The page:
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RealEstateAnswer, Lawyer
Category: Real Estate Law
Satisfied Customers: 27189
Experience:  10+ years in handling Leases, Landlord-Tenant, Foreclosures,Mortgages, and Eviction cases
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I have a question about owning a home. My fiancee and I

Customer Question

I have a question about owning a home. My fiancee and I bought a house together and both of our names are ***** ***** mortgage/deed/etc. We were planning on getting married but after moving in together, there have been issues with domestic violence and anger management on his part. If I break up with him, what are my options? Can I have his name removed and take over the house myself? Is that something he has to agree to? He has tried to kick me out when he's angry but I know he can't legally do that, since I also own the house. Is it a situation that could possibly end up in court, if he won't agree to leave and have his name removed? Is it complicated or made easier by the fact we are not married yet? I'm sorry, I'm very confused and not sure what to do and am trying to figure out all of my options. I also don't know if any of the above would end up damaging my credit (having my name removed if it came down to that and it was the only way to get away from him).
Submitted: 1 year ago.
Category: Real Estate Law
Expert:  RealEstateAnswer replied 1 year ago.

Good morning. I certainly understand the situation and your concern. Since both of you are on title, you both have an ownership interest in the home. That means that neither one of you can force the other person to leave. That can only be done through court order and if there are issues with DV and a party is arrested, a restraining order may be issued, preventing the other person from entering the home. It does not take away their ownership interest, just their ability to live there at the time. You can not have his name removed and he can not remove yours either and it would need to be something that is agreed to, if you could work out a buyout. Now, if this can not be done and there are issues with who will stay there, then you would need to proceed to court and ask the Judge to partition the property, essentially asking for a forced sale. You would share in any equity/surplus from the sale and then walk away. At the end of the day, if there are issues now and you do not think you will be together, it is likely in your best interest to sell the home, unless one party has the ability and desire to buy out the other and remain. If not and you need to go through the court, it will only take additional time, effort and money and cause greater problems.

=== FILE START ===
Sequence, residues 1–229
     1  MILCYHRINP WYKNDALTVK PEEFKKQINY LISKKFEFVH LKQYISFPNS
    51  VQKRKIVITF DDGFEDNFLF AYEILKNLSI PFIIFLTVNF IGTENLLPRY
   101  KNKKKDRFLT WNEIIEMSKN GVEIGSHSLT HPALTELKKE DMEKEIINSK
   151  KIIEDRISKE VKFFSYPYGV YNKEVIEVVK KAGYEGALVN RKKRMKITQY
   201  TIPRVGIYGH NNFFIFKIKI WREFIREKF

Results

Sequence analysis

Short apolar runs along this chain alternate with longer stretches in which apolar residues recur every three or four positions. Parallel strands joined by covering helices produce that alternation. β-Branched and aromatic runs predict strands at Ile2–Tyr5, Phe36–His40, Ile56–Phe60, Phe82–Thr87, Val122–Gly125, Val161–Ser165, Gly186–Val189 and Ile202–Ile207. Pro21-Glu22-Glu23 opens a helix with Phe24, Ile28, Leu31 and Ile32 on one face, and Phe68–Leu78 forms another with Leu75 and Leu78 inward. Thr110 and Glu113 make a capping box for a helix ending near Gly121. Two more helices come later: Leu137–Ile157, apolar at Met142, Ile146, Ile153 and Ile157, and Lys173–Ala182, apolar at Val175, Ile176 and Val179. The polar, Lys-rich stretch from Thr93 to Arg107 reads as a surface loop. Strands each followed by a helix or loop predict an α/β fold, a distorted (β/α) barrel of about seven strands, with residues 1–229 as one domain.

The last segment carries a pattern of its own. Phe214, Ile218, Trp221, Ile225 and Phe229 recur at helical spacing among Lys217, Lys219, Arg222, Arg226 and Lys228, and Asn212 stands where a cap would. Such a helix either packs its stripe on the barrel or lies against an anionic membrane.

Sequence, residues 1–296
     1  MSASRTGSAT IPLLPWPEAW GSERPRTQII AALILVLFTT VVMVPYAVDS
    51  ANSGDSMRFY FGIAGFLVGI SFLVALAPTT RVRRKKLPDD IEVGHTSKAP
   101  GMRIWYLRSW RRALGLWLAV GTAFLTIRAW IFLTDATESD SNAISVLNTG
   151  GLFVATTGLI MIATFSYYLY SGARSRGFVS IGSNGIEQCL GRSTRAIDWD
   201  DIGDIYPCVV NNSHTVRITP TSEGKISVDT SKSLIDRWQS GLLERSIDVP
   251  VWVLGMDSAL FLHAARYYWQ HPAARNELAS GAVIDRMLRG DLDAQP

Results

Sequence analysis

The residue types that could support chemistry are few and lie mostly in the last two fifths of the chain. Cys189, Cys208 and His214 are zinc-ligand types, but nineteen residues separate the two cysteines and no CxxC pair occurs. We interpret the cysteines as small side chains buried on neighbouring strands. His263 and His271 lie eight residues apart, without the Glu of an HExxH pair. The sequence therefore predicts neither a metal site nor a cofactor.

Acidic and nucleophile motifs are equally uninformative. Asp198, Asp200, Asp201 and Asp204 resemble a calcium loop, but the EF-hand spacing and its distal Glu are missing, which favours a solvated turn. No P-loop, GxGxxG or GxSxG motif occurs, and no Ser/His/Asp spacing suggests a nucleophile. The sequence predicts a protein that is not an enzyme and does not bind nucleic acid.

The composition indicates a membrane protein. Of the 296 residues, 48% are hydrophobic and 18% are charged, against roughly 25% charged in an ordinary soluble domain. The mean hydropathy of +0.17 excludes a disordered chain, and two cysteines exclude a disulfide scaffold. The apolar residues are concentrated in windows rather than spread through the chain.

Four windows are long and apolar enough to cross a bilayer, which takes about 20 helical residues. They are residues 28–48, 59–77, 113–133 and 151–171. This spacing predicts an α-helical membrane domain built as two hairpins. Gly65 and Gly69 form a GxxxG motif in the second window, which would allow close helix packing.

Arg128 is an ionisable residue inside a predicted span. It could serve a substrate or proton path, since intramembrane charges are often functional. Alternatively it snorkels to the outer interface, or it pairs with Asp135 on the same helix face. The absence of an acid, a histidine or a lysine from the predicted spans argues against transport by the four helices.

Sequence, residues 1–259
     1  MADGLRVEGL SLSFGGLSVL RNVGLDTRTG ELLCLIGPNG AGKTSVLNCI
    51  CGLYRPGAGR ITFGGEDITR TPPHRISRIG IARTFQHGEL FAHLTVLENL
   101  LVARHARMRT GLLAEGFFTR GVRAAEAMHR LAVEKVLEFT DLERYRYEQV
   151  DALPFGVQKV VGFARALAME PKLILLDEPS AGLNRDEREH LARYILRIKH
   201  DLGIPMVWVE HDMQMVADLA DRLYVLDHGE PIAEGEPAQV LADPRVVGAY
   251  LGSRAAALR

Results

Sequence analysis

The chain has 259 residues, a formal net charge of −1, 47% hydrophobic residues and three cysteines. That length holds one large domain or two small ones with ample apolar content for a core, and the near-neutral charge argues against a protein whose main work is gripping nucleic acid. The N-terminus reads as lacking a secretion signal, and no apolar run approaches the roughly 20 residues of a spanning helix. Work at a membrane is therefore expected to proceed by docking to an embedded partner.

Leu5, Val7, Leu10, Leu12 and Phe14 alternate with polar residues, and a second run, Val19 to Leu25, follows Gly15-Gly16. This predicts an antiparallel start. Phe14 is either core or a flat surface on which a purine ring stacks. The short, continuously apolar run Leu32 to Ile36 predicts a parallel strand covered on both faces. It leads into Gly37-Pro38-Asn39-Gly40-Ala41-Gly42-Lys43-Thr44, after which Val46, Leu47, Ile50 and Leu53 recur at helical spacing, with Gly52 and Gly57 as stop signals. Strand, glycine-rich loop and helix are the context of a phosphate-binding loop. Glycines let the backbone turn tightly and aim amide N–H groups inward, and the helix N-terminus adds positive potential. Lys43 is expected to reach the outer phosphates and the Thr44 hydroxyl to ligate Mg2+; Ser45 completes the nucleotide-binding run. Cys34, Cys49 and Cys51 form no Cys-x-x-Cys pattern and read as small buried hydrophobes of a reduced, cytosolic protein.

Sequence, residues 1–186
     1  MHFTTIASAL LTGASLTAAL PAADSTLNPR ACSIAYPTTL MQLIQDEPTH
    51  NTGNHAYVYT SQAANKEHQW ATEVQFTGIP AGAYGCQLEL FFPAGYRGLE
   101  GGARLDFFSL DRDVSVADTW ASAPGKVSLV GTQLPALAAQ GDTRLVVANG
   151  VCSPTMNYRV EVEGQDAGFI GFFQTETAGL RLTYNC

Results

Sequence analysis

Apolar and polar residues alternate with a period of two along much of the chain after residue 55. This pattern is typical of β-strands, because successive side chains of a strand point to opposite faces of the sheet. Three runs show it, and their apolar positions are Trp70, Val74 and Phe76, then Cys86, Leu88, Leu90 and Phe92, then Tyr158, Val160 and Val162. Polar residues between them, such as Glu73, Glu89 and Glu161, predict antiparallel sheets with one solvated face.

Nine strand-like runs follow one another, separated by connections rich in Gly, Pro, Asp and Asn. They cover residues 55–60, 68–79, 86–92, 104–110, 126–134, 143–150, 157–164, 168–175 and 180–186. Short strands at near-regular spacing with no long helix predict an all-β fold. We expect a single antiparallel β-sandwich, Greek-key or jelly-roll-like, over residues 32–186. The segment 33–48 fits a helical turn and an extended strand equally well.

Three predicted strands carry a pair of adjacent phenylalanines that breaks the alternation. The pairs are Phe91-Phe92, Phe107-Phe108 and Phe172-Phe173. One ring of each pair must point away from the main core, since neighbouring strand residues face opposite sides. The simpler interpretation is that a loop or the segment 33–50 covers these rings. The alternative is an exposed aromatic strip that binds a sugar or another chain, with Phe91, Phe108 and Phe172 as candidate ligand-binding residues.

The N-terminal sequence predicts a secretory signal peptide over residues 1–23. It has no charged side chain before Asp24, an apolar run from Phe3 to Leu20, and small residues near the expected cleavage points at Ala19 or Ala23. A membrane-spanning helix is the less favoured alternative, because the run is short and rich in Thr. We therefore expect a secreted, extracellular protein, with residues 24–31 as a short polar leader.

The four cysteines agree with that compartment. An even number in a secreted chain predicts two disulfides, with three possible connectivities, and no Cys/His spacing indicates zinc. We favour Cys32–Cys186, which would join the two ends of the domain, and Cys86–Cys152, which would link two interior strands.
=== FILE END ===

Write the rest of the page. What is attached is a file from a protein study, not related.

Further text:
Please let me know if you have any follow up questions or need any clarification on something which I stated above. Also, remember to rate my service at the top of this page, before exiting the site, so I can receive credit for my help. I hope you found it to be Excellent! Only rate my answer when you are 100% satisfied. If you feel the need to click either of the two lower ratings to the left, please stop and reply to me. I want to make sure your experience with the site was as pleasurable as possible and that you are satisfied with the help I provided.

Expert:  RealEstateAnswer replied 1 year ago.

I just wanted to follow up and see if you had any other questions or needed me to clarify something. I am here to help, so please let me know. Thanks!

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